Stew Smith is a former Navy SEAL Lieutenant and author of several books about fitness. Stew has trained thousands of students for Navy SEAL, Special Forces, SWAT, FBI, ERT, and many other law enforcement professions.
What is something you wish you would’ve realized earlier in your life?
Now that my mother has passed away, I wish as a teenager, I would have appreciated my parents more. I wish I would have realized the sacrifices they made for me to grow up, prepared to attend a good college, and be an example to my kids the way they were.
Now as an adult, you obviously see those sacrifices parents make in order for their kids to have a better life. However, having an attitude of gratitude is something I have daily and everything I have today links back to my parents in some way.
What are bad recommendations you hear in your profession or area of expertise?
As a coach, trainer, and mentor to young men and women seeking to serve our country, the biggest mistake I see and hear is someone joining the military / special ops programs right out of high school just because they can (18 yrs old).
Instead of being fully prepared and being patient a year or more fully getting prepared many recruits join on a self-imposed deadline only to not realize their true potential is competitive training programs like Navy SEAL, Army Rangers, Pilot, Special Forces, and other physically challenging jobs.
Tell me about one of the darker periods you’ve experienced in life. How you came out of it and what you learned from it?
From 2007-2012, my family experienced cancer. My mom, father-in-law, brother-in-law, and sister all had some form of cancer and serious treatments. The only one to survive was my sister. It was a bad five years that put me in a creative and professional fog for a few years. I mean, my mom was an English teacher, newspaper editor, my dad a journalist/publisher.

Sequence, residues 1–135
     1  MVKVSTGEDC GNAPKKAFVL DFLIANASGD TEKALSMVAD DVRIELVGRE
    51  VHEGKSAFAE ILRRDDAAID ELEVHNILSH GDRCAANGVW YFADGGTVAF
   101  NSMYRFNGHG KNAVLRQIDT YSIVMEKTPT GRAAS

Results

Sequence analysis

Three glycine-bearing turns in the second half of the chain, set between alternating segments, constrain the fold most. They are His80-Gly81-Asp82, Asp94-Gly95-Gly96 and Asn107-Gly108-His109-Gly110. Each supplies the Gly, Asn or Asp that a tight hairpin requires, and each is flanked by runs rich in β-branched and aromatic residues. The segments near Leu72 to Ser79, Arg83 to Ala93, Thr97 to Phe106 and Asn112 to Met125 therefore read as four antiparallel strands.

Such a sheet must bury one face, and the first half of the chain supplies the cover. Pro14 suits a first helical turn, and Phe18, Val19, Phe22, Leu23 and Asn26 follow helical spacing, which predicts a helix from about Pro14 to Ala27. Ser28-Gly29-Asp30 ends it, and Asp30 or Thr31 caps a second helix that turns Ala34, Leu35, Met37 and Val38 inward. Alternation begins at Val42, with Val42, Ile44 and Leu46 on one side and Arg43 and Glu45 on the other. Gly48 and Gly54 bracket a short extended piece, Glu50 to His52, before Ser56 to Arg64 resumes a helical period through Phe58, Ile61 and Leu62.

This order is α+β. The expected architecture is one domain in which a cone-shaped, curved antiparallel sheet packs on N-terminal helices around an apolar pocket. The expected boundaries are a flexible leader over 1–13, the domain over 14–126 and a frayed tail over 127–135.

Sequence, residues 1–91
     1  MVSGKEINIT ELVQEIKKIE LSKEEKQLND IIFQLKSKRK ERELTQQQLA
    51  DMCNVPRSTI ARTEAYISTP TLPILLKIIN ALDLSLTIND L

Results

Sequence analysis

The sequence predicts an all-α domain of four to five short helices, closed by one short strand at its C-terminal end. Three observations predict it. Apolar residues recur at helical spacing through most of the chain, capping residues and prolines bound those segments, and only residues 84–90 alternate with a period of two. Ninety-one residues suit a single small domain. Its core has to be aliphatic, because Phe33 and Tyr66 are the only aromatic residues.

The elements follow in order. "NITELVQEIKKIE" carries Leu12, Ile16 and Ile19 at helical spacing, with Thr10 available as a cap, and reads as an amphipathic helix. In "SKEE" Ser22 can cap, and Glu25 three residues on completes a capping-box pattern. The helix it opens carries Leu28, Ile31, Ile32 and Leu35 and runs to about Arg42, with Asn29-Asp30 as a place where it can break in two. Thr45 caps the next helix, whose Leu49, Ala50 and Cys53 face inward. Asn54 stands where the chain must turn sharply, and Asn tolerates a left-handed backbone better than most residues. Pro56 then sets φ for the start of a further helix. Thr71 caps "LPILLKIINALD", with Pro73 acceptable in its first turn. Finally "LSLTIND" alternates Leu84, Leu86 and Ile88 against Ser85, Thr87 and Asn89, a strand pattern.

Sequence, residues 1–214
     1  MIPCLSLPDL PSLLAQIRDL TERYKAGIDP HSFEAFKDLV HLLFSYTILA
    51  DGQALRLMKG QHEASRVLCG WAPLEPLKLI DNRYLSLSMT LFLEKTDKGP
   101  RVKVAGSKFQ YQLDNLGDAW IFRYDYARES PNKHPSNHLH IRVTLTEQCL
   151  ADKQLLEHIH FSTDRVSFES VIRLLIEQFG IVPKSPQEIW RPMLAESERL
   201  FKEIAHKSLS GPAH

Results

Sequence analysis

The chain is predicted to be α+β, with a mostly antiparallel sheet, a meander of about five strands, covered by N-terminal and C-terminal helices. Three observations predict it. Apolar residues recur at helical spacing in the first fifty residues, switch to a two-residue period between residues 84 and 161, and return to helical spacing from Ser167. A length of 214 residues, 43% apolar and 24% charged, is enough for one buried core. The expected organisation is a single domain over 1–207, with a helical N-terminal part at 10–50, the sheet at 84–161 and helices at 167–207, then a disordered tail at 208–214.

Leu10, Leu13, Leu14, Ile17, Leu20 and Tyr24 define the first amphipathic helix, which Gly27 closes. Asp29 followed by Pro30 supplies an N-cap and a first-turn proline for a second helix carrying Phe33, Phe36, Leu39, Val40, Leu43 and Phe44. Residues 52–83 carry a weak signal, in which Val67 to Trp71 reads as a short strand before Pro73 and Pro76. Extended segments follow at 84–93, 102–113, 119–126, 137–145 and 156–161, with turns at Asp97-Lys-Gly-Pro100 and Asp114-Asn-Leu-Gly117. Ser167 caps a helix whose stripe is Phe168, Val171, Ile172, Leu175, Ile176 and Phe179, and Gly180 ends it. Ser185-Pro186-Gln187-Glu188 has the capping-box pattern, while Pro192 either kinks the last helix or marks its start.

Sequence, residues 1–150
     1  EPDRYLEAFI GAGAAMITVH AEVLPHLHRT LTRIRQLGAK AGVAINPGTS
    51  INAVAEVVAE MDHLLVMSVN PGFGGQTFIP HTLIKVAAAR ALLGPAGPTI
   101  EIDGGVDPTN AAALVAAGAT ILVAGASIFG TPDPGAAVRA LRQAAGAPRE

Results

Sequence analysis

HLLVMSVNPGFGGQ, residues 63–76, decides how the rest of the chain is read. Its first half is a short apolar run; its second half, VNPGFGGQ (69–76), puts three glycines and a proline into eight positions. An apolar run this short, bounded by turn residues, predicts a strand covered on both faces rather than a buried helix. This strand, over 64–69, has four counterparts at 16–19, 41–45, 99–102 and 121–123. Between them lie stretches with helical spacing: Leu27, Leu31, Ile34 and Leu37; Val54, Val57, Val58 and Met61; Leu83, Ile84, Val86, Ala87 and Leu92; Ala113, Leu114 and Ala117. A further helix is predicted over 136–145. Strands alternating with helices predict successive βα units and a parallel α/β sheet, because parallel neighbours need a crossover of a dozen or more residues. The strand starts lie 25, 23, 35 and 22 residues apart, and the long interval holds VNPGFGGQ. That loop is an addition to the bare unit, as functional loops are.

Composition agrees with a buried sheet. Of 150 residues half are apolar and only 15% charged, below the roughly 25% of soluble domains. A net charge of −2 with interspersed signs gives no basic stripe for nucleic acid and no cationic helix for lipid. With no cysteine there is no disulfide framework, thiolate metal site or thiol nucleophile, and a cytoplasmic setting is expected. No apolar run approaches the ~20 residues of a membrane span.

She was also someone who help make me a writer and being a mom always loved just about everything I ever did. Losing that person from my corner in the boxing ring of life was painful.
I am not sure exactly what happened, but one day, the fog lifted and my ability to write books again was back. I had an idea about a book – Tactical Fitness and reached for my phone to see what she thought.
For a moment, in my head, she was alive. Now, when I get an idea, I still reach for my phone and almost dial the number just to keep that feeling real. As ever fleeting as it is, it makes me happy.
What is one thing that you do that you feel has been the biggest contributor to your success so far?
I diversified. I started out as a former Navy SEAL in 1999. I wrote a book about training for the fitness test to get TO the training and a program to get THROUGH the training. I soon learned that there are over 40 different fitness tests in the military, police, firefighter genre.
When downloadable products started to become popular, I started self-publishing workout books (FBI, DEA, Army Ranger, Air Force, Fire Fighter, etc) that specifically focused on the demands of getting TO and THROUGH the training. I have been specializing in that genre of Tactical Fitness ever since.
Evolving with technology is also key – Social Media, Apps, Podcasts, Books, eBooks, Youtube Videos, iTunes, GooglePlay. You cannot just be a fitness writer that sells fitness articles, books, etc. You have to become a media company that sell fitness writings.
Today’s smart phone revolution enables that. I even teamed up with a pioneer in the digital marketing business and we created DIY Media Marketing Academy where we teach people how to be their own Media Company that Sells “X”.
What is your morning routine?
I wake up at 5:15 am six days a week and sleep in on Sunday. I created a program here locally in Severna Park Maryland called the Heroes of Tomorrow where I train young men and women who want to serve in the military, special ops, police, and firefighter programs.
We do this for FREE, teaming up with a local community center. Here is video of what we do. It comes out to over 500 hours of year of donated time and free training for over thousand people a year. I have been doing this since 2003.
What habit or behavior that you have pursued for a few years has most improved your life?
I would say that working out with people who are 20+ years younger than me every day first thing in the morning helps to in many ways. It invigorates me and makes me feel younger and I stay in great shape.